Will Israel appreciate Arafat when he's gone?
THE ANNOUNCEMENTS fill the media again: "Arafat in critical condition!" "Arafat dead." The man who was officially declared by the Israeli government to be "irrelevant" two years ago is headline news all over the world again this week.
I don't know how serious his medical condition is, but I know that if, God forbid, he should pass away, Israelis will learn to appreciate him in his absence.
For 45 years he has lived in the shadow of death. Plots to kill him were hatched continually somewhere or other. In 1982 I stood on a warehouse roof near Beirut harbor observing the PLO fighters, headed by Yasser Arafat, getting on the ships that took them westward. The next day Israeli newspapers announced. "Arafat is politically a dead horse!" "Thank God, we are rid of him once and for all!"
When I returned to Tel Aviv, I remember telling right-wing journalist Tommy Lapid, the present minister of justice: "You have buried him a hundred times, and you are going to bury him a hundred times more."
During the first Camp David conference, Egyptian thinker Mohamed Sid-Ahmed, told me: "If Arafat didn't exist, you would have to invent him. With Arafat around, you have a single address to negotiate with and make peace. If he were not there, the Palestinian people might split into a hundred splinters, and you would have to talk with each of them."
If one does not want peace and prefers a Greater Israel, one does not need Arafat. But if one thinks that peace is essential for Israel to develop and flourish, one needs him very much. He is the only Palestinian leader with the moral authority needed to sign a peace treaty with Israel, but -- even more important -- to carry his people with him. Any peace agreement will demand Palestinian concessions that will tear their hearts, such as giving up the right to unlimited return of the refugees to the territory of Israel. No other Palestinian leader would have the courage to ask his people to do this.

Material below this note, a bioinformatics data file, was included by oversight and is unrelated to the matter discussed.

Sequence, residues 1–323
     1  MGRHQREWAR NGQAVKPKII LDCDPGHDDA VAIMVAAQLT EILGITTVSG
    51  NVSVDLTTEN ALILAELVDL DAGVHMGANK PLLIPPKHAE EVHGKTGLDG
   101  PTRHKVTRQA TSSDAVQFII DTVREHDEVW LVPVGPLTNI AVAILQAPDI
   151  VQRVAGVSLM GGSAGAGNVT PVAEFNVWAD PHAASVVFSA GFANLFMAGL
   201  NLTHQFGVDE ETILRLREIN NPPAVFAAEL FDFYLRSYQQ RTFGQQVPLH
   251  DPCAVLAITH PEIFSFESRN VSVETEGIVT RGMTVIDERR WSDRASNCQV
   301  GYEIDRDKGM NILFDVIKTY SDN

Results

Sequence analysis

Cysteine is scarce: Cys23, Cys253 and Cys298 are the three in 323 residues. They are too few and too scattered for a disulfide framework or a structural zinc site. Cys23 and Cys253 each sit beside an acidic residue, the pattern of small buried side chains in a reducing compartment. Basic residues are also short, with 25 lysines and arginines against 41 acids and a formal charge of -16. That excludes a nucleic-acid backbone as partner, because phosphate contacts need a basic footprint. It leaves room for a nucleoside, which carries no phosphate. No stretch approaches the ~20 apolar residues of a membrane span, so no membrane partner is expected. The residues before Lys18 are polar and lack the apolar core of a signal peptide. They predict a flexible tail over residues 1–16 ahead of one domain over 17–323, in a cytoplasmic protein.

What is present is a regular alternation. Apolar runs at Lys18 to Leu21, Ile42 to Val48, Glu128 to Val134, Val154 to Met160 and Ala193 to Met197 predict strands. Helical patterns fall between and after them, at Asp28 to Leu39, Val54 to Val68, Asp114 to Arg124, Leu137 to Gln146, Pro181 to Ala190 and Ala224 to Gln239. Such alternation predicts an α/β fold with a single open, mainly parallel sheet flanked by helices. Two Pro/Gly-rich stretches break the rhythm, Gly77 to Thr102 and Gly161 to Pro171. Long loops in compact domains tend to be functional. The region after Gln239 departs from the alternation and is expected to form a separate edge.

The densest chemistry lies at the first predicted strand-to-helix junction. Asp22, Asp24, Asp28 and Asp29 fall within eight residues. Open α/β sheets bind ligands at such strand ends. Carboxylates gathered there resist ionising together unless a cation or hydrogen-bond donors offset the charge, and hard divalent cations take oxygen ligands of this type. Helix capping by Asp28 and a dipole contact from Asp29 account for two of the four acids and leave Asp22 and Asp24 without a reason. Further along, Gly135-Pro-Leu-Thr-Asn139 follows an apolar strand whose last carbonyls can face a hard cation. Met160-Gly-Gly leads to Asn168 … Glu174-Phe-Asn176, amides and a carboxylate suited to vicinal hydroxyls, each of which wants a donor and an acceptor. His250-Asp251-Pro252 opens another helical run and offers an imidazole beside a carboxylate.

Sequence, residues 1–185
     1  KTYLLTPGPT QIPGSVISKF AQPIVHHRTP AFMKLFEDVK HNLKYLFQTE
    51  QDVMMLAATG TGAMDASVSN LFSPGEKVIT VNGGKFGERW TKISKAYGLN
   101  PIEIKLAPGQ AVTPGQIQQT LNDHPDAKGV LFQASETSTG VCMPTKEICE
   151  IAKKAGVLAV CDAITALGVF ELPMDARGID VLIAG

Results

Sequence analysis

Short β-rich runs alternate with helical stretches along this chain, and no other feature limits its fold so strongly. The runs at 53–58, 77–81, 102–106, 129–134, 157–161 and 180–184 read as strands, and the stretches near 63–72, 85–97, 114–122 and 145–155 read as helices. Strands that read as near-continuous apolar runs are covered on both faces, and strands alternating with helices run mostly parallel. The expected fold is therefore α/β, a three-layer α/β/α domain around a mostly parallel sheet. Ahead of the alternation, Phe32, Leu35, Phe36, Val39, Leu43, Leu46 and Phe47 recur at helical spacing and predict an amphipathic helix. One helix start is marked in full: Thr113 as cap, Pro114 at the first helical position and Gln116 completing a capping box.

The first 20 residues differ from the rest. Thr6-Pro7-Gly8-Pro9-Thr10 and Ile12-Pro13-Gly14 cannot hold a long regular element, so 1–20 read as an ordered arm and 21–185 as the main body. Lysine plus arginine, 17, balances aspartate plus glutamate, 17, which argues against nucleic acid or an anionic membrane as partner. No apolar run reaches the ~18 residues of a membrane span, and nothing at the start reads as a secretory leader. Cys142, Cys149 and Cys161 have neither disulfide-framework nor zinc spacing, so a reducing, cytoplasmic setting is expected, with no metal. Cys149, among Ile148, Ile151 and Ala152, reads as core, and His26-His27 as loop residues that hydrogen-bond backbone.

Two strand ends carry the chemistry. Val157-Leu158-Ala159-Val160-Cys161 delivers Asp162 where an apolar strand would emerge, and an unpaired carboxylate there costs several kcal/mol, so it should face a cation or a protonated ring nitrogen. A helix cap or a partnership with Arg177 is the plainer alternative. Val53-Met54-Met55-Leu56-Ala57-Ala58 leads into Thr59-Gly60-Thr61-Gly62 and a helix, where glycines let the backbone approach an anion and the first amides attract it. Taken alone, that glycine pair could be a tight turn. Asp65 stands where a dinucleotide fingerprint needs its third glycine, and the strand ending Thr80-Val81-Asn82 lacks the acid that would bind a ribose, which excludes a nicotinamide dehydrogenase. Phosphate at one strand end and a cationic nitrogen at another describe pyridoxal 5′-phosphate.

It is difficult to explain Arafat's authority. He has no army and no vast secret police apparatus. His power emanates from the respect his compatriots accord him as the "father of the nation."
Everyone who sees him for the first time is amazed by the difference between the media personality and the man. On TV, he looks fanatical, aggressive. In real life, he is warm, considerate, radiating emotions. He pampers his guests at meals, offering them choice morsels with his fingers. He likes to touch the people he talks with, to take them by the hand, and to offer them small presents.
Arafat is a man of gestures. On the day of his return to Palestine he was about to give a press conference. After the usual embrace, he took my hand and drew me toward the tribune. For an hour he spoke in Arabic to the media, turning to me from time to time for confirmation. In this simple way he was showing the Arab world, I am sitting with the Israelis. I am going to make peace with them.
In the last 30 years I have never been surprised by his actions, not when he went to Oslo or when he took charge of the intifada. If Israeli intelligence has so often been caught unawares, it is only because, as Boutros Boutros-Ghali once said about Israeli Arabists, "They know everything and understand nothing."
Like every leader of a national liberation movement, he had to make the most of the few means at his disposal -- shrewdness, violence, diplomacy, propaganda. He has, of course, made many mistakes, but they pale in comparison to his huge achievement. It was he who created the modern Palestinian national movement when Palestinians had almost vanished from the map, and he has brought them to the threshold of national independence.
All of his achievements were in the face of Israel's colossal material superiority in all fields, the hostility of the Arab governments, and the worldwide sympathy for Israel as the state of Holocaust survivors.
Arafat's demise would not end hopes for peace. Many Palestinian leaders hold similar beliefs to him. However, if he does die, we will have lost an opportunity to make peace with a leader who had the authority and conviction to deliver.
Uri Avnery, a former member of the Israeli Knesset, is a founder of Gush Shalom, the Peace Bloc.